Seth Beaver competes at Training level and also grooms for his wife Kelly Beaver, who competes her horse Hobbs at the Intermediate level. In this reader submission, he shares his thoughts on the grueling task of competing at the upper levels as an amateur. Many thanks to Seth for writing, and thanks for reading!
I have the privilege of grooming for my wife, Kelly Beaver, who has been competing at the Intermediate level as an adult amateur for the past two years. I have only been riding for a handful of years and currently compete at the Training level. I aspire to compete at the upper levels as well and the difference in the cost, time and effort between the two levels is eye-opening.
Kelly has a very successful professional career outside of riding which requires her to work 50+ hours per week. My job is a bit more flexible, so I get to take care of a lot of the day-to-day issues at our farm as well as ride her horse for her when she’s stuck at work. I’m not sure how other amateurs with demanding jobs make it work. Between the added vet visits (and bills) and the added conditioning requirements, there is much to juggle in order to successfully navigate one’s way to an upper level event.
Hobbs, Kelly’s Intermediate horse, has provided us with the privilege of showing at some large shows such as the CCI at Bromont and, the latest, at the CCI at Fair Hill International.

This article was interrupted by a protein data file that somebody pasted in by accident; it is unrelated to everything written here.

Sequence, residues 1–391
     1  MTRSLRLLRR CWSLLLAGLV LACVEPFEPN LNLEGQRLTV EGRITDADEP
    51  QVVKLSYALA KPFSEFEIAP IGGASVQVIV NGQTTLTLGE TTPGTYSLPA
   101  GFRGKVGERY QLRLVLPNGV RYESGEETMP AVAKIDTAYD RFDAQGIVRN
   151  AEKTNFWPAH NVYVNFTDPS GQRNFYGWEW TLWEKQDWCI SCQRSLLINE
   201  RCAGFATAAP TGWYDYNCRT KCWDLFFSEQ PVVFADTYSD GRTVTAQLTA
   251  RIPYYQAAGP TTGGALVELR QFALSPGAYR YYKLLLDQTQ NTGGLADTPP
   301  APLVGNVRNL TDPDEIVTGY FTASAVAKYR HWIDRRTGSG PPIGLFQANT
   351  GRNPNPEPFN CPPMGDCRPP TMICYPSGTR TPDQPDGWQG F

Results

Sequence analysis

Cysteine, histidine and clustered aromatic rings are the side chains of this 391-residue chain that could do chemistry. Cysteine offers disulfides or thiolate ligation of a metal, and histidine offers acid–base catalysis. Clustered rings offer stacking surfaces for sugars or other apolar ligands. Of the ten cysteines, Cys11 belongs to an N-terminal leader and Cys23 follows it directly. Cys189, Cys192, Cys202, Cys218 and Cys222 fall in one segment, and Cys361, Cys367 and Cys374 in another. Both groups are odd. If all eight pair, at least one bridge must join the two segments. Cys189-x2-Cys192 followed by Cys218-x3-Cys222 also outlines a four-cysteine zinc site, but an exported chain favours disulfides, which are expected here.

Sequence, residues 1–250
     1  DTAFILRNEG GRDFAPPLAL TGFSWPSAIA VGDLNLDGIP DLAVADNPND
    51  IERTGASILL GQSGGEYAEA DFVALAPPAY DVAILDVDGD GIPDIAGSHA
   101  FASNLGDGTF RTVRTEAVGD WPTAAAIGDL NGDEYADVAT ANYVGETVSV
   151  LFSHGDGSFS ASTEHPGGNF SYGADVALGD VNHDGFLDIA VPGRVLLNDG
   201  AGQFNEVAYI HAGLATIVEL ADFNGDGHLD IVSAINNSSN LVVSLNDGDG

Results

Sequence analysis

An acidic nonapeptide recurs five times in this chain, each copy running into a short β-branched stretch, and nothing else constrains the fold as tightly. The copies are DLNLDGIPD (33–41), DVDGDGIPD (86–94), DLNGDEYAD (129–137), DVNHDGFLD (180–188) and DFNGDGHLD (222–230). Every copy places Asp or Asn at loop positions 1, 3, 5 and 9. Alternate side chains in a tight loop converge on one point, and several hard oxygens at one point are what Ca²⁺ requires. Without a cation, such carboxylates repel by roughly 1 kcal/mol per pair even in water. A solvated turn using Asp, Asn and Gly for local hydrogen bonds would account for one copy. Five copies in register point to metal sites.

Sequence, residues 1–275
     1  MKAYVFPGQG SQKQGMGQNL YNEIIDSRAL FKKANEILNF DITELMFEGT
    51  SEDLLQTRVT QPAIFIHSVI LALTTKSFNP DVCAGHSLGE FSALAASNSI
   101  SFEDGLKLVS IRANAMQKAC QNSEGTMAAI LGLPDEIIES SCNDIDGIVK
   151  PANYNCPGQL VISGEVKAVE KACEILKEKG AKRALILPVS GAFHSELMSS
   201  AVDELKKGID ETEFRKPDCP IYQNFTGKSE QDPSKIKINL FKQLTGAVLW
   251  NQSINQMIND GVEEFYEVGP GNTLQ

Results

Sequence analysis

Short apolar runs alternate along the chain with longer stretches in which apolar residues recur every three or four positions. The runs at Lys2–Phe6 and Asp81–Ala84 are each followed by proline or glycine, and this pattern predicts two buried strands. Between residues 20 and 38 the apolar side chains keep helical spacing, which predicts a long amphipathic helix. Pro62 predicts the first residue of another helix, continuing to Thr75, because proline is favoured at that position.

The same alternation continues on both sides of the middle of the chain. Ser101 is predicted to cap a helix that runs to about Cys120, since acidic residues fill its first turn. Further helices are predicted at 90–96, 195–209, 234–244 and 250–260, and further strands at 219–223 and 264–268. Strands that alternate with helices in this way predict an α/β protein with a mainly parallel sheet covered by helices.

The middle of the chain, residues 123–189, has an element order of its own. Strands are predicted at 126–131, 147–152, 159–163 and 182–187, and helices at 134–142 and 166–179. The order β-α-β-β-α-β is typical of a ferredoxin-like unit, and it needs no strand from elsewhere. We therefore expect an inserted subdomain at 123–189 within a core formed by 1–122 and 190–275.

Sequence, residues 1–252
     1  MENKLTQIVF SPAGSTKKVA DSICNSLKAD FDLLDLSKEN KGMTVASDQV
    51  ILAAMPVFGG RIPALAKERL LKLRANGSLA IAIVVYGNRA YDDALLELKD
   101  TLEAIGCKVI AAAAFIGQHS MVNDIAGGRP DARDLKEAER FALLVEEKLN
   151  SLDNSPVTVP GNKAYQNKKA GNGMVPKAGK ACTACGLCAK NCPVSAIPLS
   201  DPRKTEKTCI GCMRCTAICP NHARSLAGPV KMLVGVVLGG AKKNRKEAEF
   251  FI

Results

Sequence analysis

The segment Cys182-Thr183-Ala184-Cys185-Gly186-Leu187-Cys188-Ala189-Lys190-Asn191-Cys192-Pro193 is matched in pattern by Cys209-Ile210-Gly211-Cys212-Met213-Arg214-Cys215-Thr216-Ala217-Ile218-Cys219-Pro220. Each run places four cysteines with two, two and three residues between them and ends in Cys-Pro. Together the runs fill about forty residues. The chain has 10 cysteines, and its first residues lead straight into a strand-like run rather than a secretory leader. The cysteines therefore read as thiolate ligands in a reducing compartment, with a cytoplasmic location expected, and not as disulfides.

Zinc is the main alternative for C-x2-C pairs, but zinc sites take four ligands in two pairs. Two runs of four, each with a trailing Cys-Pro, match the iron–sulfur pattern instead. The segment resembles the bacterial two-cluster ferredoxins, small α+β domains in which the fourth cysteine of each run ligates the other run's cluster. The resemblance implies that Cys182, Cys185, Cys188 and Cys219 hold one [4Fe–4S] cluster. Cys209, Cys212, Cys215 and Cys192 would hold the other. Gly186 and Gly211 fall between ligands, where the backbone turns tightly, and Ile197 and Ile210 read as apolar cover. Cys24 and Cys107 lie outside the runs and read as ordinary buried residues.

Through these experiences, I am amazed how difficult it is to complete at these levels as an amateur rider. Most amateurs rarely have the luxury of riding more than one horse at these competitions. Those with full-time jobs don’t have the time to train and compete multiple horses, especially at the upper levels, let alone have the energy to do so. Going to shows with all your eggs in one basket results in a very stressful and pressure-packed situation in an already difficult sport.
In CCI shows, the difficulty of cross country is enhanced, and it’s common that only one-third of the competitors finish with no cross country jump penalties, one-third finish with one or more stops and one-third don’t see the finish line. I haven’t done the math or the research, but I’m certain the odds are even bleaker for the amateur rider.
There is so much time, effort and money invested to get to these shows (including precious vacation days!). It is extremely demoralizing not to be able to “finish on a number” and to have head home early. In a sport that seems to kick you down more than it lifts you up, I certainly applaud the amateur riders at all levels, but especially admire those that dare to compete at the upper levels.